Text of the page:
Chris: This isn't 2001 anymore.

Ben: No, that's right. So consumers are generally more aware than they have been, like I don't read my card data out anymore. I don't read my card data out in public places, I wouldn't dream of doing that. I wouldn't dream of doing it with an enterprise now. So customers should be aware. I think the other thing is, I mean the big red flag for me is outbound dialing. So when you receive a call, there's absolutely no way I would provide my card data, ID and V or otherwise that I provide my card data to an outbound call. So there are some very simple things that can be done.

Chris: Okay. So what are some things that if you're looking at the website, you're sort of shopping around for a healthcare or insurance provider, can you go into sort of like their terms and conditions or their privacy policy or whatever, what should you be looking for in terms of payment processing or things like that? "We use this" or "we use that."

Ben: Yeah. So we have a patented solution and there are lots of people out there copying the intent without copying the process, which is very flattering for us. This mechanism of transferring to an IVR or a robo call to collect card data, even things like that, which are terrible journeys start to show the consumers that people are starting to take it seriously. A real time DCMS solution like Semafone really kind of puts the icing on the cake for me where you can see that the enterprise or business that you're working with, finance, healthcare, really has thought about they don't want this data in their contact center. They really don't want to be handling cart data unnecessarily. They're going to pass it to somebody who's vetted securely by third parties and they want the results of the transactions and they want the money, but they don't want the data.

I think that's really, really important. I think the big problem where you're reading cardholder data out isn't necessarily where's the agent, it's the call recorders of the backend. Most people would expect you to read out a credit card number and then the short code on the back, the CVV or the four digit on the front of an Amex, and the data centers really clear, it says you shouldn't be collecting that. There's absolutely no reason why you should collect that. However, if you've got call recording, then you tend to record them accidentally or inadvertently and now you've got full card data and you can do all sorts of wonderful things once you've got the full cart data.

Lots of people put in place kind of stop gap solutions to prevent that, things called pause and resume, or stop start call recording. The agent will trigger a field to notify the call recorder to stop, collect the cardholder data, and start it again. But if you think about the amount of data that you might collect in call, you could end up with multiple holes in your call recording and then you've got no evidence to prove that you have or haven't miss-sold something to the customer at a later point. You turn up to court with a call recording like that, it's going to end badly for you. So yeah, it's a real, real challenge and there's some stopgap solutions that people are putting in place thinking they're doing the thing and just creating other problems for themselves.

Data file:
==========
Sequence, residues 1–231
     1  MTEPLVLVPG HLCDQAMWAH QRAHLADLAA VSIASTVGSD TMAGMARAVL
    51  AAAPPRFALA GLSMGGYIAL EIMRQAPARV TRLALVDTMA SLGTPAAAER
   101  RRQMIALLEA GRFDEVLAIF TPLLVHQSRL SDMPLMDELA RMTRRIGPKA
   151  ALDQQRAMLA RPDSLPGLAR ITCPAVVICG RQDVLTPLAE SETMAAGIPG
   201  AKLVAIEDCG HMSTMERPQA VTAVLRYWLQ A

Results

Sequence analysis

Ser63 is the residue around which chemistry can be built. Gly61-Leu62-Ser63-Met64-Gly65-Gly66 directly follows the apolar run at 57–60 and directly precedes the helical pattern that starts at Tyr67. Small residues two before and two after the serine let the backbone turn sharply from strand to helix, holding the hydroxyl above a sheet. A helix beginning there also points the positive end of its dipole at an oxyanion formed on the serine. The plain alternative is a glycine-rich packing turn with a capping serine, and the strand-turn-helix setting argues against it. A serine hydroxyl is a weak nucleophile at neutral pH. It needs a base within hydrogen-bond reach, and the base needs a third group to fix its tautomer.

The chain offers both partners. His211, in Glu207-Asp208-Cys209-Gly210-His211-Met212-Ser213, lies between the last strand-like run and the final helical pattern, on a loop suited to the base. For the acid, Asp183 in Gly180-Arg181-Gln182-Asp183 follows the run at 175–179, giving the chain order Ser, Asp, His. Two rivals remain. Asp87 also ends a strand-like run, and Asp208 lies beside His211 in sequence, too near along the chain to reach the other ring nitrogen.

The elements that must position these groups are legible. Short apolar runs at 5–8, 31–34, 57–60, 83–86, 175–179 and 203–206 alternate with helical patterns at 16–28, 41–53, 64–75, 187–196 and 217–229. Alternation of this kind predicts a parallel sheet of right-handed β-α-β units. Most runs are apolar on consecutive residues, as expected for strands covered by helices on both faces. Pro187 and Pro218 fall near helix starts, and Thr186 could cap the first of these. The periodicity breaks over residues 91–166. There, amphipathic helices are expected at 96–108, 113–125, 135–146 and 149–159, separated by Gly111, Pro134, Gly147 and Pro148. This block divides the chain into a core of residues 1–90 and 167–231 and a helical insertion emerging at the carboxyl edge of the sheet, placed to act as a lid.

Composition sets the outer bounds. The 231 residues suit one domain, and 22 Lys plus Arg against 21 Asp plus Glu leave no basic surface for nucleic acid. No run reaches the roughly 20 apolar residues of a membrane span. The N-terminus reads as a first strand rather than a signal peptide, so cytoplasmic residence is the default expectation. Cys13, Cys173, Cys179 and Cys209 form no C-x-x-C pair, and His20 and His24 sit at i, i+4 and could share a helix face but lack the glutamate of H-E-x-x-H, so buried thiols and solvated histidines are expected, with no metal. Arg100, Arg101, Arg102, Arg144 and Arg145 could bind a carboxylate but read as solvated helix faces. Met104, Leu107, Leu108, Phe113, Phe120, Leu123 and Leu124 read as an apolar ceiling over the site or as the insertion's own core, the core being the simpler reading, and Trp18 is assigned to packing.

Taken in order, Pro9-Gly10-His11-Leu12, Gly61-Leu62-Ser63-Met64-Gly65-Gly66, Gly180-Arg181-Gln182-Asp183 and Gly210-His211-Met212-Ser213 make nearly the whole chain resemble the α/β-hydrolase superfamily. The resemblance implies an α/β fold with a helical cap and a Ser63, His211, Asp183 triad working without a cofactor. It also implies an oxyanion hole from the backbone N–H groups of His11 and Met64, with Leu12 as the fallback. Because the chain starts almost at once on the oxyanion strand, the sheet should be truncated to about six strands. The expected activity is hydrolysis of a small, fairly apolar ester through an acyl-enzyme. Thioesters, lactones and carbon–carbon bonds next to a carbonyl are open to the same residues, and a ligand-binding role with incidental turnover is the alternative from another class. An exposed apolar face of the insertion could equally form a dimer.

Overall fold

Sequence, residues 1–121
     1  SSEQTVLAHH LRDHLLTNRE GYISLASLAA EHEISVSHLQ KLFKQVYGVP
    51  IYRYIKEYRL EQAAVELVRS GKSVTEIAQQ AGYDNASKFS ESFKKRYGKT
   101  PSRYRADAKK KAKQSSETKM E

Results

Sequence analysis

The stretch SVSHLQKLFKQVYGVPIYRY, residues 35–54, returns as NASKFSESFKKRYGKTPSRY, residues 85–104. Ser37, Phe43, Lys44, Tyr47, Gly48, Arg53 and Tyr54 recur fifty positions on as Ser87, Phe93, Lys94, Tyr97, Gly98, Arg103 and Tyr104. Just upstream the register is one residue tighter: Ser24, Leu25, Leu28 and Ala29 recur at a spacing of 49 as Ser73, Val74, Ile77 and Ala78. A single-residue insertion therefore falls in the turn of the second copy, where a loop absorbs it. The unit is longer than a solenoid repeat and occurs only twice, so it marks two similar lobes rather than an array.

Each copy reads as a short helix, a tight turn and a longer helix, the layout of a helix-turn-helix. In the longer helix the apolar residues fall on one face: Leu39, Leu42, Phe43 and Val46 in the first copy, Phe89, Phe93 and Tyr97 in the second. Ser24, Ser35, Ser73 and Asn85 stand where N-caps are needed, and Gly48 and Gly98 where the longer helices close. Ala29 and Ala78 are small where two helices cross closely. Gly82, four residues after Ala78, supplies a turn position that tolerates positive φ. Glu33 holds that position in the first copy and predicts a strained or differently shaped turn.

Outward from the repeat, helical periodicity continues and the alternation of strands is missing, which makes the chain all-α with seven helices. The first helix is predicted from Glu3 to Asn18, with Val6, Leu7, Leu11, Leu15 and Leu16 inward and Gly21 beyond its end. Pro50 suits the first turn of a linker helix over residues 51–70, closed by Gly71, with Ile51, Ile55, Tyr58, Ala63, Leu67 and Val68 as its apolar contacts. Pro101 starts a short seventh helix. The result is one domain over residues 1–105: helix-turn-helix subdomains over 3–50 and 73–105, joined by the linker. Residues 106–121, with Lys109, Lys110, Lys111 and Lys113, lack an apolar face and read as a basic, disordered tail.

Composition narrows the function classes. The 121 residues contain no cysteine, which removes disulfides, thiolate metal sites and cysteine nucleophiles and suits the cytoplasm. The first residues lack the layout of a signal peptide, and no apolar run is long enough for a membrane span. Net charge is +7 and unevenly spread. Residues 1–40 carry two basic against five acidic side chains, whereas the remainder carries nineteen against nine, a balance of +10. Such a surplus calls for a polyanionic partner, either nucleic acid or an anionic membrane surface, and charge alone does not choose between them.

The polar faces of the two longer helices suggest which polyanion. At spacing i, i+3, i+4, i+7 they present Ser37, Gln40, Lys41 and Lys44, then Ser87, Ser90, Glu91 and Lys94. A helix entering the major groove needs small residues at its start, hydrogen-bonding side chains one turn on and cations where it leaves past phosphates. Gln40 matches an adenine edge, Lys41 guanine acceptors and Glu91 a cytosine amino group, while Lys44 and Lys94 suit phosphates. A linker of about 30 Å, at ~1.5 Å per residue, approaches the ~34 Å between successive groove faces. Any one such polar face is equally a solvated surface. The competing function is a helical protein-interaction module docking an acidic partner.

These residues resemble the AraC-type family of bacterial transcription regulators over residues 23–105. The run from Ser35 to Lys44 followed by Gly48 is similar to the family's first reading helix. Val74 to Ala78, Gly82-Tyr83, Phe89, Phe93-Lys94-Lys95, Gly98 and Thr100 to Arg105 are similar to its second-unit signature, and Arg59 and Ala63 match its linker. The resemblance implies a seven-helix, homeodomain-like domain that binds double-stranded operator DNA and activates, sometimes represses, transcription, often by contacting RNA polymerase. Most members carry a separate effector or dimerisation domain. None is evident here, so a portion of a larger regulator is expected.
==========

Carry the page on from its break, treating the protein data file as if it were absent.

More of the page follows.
Chris: Okay. So let's sort of tie everything up and put a big bow on top. So what in your mind is the ideal combination of sort of privacy regulation, software, hardware modification, social behavioral changes that would reduce contact center fraud to near zero?

Ben: Obviously I'm going to talk about DTMF, I believe in and I think that's a great solution to have in place. If you're preventing contact centers from collecting data in the first place, then actually you're solving everything upstream. The example I give quite regularly is work at home agents, there's a really big drive for enterprises with large contact centers and even small contact centers with unsociable hours to host agents at home, and the airport security that I talked about at the beginning, you've absolutely got no hope of trying to implement that at a thousand people's houses. Even trying to put CCTV in, even if you've put a kind of thin line on the desktop and secured the hard line, there's still someone that you've given full access to those systems to that place.

So with these work at home agents, do you really want to be piping secure data to them? The challenge is as real as it is in an unsecured context center that that enterprise will house. So using something like a DTMF solution will be really, really pretty valuable. I think the second point is we also talked about the screens and the phones and the contact center agent and the network. The other point is if you aren't popping all of this really expensive to lose for your brand equity, your business reputation into your applications, which are then attacked from a cyber criminal or even with these Trojan viruses that are encrypting them with crypto log and expecting bitcoins to decrypt them, you're not handling that data at a business systems level as well.

So I think with the kind of three things, the social, the physical, and the technological parameters at play, a solution that focuses on all three is this what you really should be looking for.